# Is $0.112123123412345123456\dots$ algebraic or transcendental?

Let $$x=0.112123123412345123456\dots$$ Since the decimal expansion of $$x$$ is non-terminating and non-repeating, clearly $$x$$ is an irrational number.

Can it be shown whether $$x$$ is algebraic or transcendental over $$\mathbb{Q}$$ ? I think $$x$$ is transcendental over $$\mathbb{Q}$$. But I don't know how to formally prove it. Could anyone give me some help ? Any hints/ideas are much appreciated. Thanks in advance for any replies.

My Number:

$$x=0.\underbrace{1}_{1^{st}\text{ block}}\overbrace{12}^{2^{nd}\text{ block}}\underbrace{123}_{3^{rd}\text{ block}}\overbrace{1234}^{4^{th}\text{ block}}\dots \underbrace{12\dots n}_{n^{th}\text{ block}}\dots$$ where $$n^{th}$$ block is the first $$n$$ positive integers for each $$n\in \mathbb{Z}^+$$.

(That is the 10th block of $$x$$ is $$12345678910$$; The 11th block is $$1234567891011$$; ... )

• This question is related and has some references which might be useful. Feb 16, 2015 at 8:01
• Unclear question! How about the pattern after 123456789? Feb 16, 2015 at 17:15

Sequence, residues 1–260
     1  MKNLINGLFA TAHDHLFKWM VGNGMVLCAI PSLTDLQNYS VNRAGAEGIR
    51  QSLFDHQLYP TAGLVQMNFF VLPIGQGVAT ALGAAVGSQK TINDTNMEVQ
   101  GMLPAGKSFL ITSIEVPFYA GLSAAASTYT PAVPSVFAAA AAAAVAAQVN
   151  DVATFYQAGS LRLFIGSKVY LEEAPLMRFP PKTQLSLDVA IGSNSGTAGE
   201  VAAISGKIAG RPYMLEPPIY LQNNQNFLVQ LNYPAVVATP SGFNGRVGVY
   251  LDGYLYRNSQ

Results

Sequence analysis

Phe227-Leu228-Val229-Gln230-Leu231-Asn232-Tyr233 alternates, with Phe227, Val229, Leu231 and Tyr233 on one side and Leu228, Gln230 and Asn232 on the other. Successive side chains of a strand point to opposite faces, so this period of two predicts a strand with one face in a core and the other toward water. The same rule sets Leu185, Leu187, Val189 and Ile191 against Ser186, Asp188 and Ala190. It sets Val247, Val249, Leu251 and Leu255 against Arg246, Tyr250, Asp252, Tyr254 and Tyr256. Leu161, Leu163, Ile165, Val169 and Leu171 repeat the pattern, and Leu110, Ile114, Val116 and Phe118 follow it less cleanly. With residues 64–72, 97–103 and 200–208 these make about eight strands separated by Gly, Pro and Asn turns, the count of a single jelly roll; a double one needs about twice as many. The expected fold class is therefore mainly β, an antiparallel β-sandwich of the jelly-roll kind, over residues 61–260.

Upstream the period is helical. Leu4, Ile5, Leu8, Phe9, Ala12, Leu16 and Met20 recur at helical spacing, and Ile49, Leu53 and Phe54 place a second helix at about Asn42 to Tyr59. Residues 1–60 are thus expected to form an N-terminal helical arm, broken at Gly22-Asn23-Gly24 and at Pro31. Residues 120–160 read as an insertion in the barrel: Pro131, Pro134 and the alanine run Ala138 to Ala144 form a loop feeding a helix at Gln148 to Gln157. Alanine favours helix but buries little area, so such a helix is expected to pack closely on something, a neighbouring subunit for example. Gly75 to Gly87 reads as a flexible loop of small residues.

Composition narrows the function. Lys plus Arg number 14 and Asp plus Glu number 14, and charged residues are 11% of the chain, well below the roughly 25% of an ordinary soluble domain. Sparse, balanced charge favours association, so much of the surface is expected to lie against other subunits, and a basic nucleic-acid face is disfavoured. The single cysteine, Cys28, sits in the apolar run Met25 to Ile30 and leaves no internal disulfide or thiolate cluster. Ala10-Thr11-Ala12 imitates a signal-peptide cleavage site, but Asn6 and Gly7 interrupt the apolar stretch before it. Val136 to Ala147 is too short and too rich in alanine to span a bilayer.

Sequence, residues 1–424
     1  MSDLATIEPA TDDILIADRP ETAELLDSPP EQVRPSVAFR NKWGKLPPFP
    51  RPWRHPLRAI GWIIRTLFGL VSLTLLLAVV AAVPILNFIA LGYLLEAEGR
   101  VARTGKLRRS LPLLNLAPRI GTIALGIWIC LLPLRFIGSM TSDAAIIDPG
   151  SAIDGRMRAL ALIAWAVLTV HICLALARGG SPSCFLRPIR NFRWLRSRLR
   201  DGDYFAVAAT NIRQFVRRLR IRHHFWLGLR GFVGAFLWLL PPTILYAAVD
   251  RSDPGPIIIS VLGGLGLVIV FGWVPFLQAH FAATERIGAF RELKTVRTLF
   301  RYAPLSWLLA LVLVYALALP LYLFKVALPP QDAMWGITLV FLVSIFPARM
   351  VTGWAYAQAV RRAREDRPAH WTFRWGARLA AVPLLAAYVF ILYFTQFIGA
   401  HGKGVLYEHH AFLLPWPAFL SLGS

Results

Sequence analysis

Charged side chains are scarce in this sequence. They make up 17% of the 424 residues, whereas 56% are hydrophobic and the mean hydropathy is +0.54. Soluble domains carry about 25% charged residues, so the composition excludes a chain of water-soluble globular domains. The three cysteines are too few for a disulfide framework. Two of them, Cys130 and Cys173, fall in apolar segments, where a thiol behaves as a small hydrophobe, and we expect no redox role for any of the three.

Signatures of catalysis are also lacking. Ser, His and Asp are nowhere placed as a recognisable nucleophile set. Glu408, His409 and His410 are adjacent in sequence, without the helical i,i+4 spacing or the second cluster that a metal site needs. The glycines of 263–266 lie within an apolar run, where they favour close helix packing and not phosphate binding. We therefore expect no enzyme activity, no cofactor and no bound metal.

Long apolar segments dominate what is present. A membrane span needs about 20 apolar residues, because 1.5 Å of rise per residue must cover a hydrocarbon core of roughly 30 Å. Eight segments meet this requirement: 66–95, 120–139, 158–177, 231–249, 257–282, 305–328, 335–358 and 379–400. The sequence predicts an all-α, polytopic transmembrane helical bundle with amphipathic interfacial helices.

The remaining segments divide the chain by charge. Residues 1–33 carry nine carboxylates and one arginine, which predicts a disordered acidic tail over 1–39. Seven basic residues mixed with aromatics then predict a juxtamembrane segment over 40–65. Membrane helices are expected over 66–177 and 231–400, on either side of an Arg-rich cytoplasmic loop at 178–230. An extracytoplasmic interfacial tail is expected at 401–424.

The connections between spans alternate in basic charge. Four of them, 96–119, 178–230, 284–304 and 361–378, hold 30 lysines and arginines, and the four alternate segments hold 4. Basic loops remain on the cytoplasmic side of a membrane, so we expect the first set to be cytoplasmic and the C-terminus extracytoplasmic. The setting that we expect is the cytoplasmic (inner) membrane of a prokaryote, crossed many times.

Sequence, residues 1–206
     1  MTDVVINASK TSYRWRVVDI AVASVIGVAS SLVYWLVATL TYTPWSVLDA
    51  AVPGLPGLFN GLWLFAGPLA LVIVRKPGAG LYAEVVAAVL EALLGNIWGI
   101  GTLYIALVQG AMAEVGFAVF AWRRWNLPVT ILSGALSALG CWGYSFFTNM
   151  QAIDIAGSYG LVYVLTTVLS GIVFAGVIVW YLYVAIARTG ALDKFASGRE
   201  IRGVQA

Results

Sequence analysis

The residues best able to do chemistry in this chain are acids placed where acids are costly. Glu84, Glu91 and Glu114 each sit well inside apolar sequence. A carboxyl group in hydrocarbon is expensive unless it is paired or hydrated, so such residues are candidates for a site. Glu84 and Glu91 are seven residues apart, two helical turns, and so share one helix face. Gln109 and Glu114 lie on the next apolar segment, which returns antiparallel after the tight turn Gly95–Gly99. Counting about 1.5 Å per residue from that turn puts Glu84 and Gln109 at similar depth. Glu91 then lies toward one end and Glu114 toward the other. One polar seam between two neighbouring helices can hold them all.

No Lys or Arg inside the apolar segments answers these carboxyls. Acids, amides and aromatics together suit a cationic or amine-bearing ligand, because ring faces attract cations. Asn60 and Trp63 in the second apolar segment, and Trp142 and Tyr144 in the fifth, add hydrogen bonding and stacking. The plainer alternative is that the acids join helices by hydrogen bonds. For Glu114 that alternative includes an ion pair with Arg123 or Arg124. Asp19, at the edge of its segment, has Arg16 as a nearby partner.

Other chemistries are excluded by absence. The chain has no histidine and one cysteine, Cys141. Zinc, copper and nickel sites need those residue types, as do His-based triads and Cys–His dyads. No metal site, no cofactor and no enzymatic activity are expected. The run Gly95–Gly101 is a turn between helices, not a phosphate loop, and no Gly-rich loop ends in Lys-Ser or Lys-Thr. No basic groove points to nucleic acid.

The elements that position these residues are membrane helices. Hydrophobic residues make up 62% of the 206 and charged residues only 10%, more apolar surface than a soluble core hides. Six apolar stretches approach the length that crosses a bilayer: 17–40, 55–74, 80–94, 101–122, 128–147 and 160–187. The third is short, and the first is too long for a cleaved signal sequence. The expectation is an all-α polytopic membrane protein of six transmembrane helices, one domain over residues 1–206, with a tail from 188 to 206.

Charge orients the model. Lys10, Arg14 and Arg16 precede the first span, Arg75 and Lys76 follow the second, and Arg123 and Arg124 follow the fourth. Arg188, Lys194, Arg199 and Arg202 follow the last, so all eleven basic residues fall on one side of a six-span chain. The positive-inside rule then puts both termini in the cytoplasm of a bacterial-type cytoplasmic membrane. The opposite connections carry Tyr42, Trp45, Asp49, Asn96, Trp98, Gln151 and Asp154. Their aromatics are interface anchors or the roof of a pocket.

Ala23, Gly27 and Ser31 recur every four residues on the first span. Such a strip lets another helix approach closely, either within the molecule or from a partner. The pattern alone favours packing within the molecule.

• It would be followed by 12345678910. Feb 16, 2015 at 17:23
• @tomi: The "better form" may change OP's answer, for comparison Champernowne constant 0.12345678910111213... is transcendental while $\sum_{i=1}^\infty i/10^i$ = 0.123456790123... = 10/81. Feb 28, 2015 at 14:33
• @barakmanos Actually, probability is measure theory, not cardinality, and probability zero doesn't mean much when dealing with a specific real number. Feb 28, 2015 at 14:55

Obviously, it can be outputed by Turing Machine in real time. Thus under the Hartmanis-Stearns conjecture, it is a transcendental number.

• ams.org/journals/tran/1965-117-00/S0002-9947-1965-0170805-7/… Jan 25, 2018 at 2:37
• Which theorem in the paper gives this result? More importantly, for me, what does "in real time" mean? Jan 25, 2018 at 2:44
• @CarlMummert rjlipton.wordpress.com/2012/06/15/… Jan 25, 2018 at 3:11
• You are misstating the conjecture, the number could be rational (think about $0.0000000...$). Jan 26, 2018 at 3:22
• @MoisheCohen Hmmmm, but is this number periodical? I have not misstated anything Jan 26, 2018 at 4:05

I believe your number can be written as

$$\sum _{j=1}^\infty 10^{-\sum _{m=1}^{j+\frac{1}{2}} \sum _{n=1}^m \left\lceil \log _{10}(n+1)\right\rceil } \left\lfloor c 10^{\sum _{n=0}^j \left\lceil \log _{10}(n+1)\right\rceil }\right\rfloor$$

where $c$ is the Champernowne constant.

Don't know if that helps.

Your number can be written with the following formula: $$\sum_{n=1}^{\infty} \frac{ \sum_{r=1}^n r(10)^{n-r}}{10^{\frac{n(n+1)}{2}}}$$ I don't know how to prove it is transcendental, but I hope this helps!

• I just realized this isn't correct, I didn't account for blocks with two or three decimal digits like 1234567891011...
– Rob
Oct 15, 2015 at 2:53
• If I may ask : What is the procedure that you made to arrive to that expression ? Aug 26, 2019 at 13:24